Power and steel firms are importing shiploads of coal due to a severe shortage at home, leading to heavy congestion in one of the country’s busiest ports that now has twice the number of vessels waiting than its available berths.
The over-crowding at Paradip port in Orissa could derail India’s efforts to prevent a shutdown of more than half of its power plants which are running on stocks of less than a week in the worst deficit since a massive blackout in 2012.
While power and coal minister Piyush Goyal has urged power firms to bring more coal into India, the country’s ports are finding it difficult to deal with the swelling traffic. “We’re 100 per cent housefull,” said GP Biswal, deputy conservator of Paradip port.
“We’re not able to cope with the sudden increase in traffic.” Half of the 27 stranded ships at Paradip are carrying up to 90,000 tonnes of coal each and it takes up to six days to offload a ship once it is berthed. Biswal said rains in the eastern part of the country over the past few days have hampered operations but there could be an improvement in a week.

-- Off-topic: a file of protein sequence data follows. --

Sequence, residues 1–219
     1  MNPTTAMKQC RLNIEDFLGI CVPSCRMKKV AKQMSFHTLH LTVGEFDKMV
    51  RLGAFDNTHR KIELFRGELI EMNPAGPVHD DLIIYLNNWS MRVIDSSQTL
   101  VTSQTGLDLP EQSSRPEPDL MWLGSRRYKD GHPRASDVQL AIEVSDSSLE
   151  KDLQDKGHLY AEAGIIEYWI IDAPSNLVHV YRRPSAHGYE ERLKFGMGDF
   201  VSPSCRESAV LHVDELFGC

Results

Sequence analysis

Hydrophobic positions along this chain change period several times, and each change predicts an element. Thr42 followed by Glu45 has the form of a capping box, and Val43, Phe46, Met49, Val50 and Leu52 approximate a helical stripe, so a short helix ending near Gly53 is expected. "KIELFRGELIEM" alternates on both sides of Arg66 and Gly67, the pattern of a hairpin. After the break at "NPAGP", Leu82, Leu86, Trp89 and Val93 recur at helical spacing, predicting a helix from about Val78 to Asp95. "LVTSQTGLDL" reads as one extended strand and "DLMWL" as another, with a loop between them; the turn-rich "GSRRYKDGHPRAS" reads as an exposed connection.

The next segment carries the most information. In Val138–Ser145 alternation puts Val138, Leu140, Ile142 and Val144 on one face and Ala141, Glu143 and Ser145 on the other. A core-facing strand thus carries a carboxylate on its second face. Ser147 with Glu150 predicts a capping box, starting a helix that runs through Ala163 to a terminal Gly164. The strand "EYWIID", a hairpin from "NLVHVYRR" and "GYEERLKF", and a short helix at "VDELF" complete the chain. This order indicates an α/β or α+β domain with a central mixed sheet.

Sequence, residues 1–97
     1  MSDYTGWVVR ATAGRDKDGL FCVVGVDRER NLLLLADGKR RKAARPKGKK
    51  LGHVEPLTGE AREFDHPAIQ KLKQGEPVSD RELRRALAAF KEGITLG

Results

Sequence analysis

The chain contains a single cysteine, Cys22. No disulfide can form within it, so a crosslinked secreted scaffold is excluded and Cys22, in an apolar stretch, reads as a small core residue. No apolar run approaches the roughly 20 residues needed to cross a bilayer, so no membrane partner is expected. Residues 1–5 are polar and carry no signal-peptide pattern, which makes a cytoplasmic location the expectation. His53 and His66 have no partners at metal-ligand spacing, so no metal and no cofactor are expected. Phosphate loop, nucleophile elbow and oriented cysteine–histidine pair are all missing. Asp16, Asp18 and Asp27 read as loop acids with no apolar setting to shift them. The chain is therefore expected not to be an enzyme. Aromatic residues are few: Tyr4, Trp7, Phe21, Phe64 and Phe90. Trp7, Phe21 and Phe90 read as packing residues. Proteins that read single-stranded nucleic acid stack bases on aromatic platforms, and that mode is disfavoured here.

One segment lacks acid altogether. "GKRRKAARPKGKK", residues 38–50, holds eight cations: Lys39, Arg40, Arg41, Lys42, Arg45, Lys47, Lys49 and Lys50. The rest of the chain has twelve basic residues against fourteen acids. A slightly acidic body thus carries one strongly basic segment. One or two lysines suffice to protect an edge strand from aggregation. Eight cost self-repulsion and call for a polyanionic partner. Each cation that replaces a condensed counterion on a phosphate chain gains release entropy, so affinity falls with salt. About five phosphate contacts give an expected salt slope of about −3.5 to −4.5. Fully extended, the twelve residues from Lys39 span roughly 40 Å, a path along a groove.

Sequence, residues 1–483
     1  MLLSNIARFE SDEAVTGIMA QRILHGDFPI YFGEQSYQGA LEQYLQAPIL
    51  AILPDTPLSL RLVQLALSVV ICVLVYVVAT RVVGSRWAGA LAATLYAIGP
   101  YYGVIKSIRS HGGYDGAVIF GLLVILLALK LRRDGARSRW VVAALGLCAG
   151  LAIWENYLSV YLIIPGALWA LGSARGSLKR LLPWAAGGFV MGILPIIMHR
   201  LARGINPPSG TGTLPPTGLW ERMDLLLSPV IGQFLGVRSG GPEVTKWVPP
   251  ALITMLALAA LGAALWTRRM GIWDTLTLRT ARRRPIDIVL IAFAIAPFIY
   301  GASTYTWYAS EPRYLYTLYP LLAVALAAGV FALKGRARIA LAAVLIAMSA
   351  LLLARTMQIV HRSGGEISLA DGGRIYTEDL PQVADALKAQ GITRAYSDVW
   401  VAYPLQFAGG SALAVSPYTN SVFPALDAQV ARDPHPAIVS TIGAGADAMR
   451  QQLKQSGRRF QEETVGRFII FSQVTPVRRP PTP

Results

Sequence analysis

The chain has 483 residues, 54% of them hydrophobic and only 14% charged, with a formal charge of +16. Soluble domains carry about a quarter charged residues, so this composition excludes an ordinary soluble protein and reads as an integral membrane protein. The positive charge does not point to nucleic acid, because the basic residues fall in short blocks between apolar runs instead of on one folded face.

Some of the ships are to deliver coal for top power and steel firms like Jindal Steel and Power Ltd, Steel Authority of India Ltd, GMR Energy, Tata Group and the Adani Group.
Congestion was higher-than-usual at some other ports too, said Prakash Duvvuri, research head at research firm OreTeam. Total coal traffic across all ports, including shipments within the country, rose 12 per cent in August from a year ago.
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